Integrated diagenetic modeling and reservoir quality assessment and prediction of the Água Grande sandstones, early Cretaceous, Recôncavo Basin, northeast Brazil
Souza, Rogério Schiffer, 1957-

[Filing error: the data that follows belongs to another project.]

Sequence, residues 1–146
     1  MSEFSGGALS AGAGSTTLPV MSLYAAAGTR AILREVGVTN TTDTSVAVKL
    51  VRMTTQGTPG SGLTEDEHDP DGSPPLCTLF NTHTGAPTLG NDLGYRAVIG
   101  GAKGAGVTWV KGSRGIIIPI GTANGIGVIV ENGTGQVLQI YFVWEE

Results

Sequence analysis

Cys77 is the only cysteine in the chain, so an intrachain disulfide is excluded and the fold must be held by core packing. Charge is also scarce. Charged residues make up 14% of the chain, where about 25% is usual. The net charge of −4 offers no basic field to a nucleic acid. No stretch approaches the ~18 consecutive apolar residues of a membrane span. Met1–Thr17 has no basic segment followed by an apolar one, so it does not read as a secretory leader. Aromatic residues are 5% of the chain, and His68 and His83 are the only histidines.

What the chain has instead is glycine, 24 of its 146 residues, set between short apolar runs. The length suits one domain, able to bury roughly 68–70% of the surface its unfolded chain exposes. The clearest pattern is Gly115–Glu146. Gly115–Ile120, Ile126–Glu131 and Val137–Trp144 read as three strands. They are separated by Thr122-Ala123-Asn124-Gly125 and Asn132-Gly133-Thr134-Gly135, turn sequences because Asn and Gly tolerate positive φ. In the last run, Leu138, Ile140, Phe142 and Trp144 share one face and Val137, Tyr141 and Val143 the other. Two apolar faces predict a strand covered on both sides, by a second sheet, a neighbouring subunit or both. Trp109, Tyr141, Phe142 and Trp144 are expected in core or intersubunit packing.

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This investigation aimed to (1) reconstruct the diagenetic evolution of sandstones of the Água Grande (AG) Formation throughout their burial history by using an integrated approach designed to promote the linking of petrographic and geochemical data on sandstones, shales, organic matter, and pore fluids; (2) examine the effect of variables inherited from depositional environments, such as initial detrital composition, texture, and early diagenetic constituents, on diagenetic processes and reservoir quality and porosity evolution of the AG sandstones. Particular attention was given to explain anomalous values of porosity and permeability identified at greater depth; (3) consider non-compositional controls (temperature, time, pressure, and hydrocarbon emplacement) on diagenetic processes; and (4) assess and predict porosity and permeability of sandstones as hydrocarbon reservoirs in a prospect area by using a forward numerical model. Early Cretaceous AG sandstones were deposited as the last stage of an intracratonic basin as eolian and fluvial deposits. A rifting phase subsequent to sedimentation was responsible for rapid burial of the Agua Grande. Eolian and fluvial reservoirs evolved differently because of detrital composition and early diagenesis. Compaction and quartz cementation were the major diagenetic processes that affected AG sandstones. Compaction reduced original porosity by about half during the first 2,000 m of burial and evenly affected eolian and fluvial sandstones. Quartz cementation occurred when the temperature reached approximately 80°C and affected mostly fluvial sandstones. Eolian sandstones have smaller amounts of quartz cement because detrital quartz grains are coated by clays and iron oxide that inhibited quartz cementation. Reservoir oil emplacement occurred after quartz cement. Modeling of quartz cement abundance indicates that oil entrapment played strong control upon quartz cementation and prevented further pervasive quartz overgrowth. Numeric modeling of quartz cement abundance and compaction indexes corroborates petrographic data and indicates that an integrated burial, thermal, and diagenetic modeling is crucial to identify maximum burial depth and to point out potential targets for oil and gas in deeply buried intervals.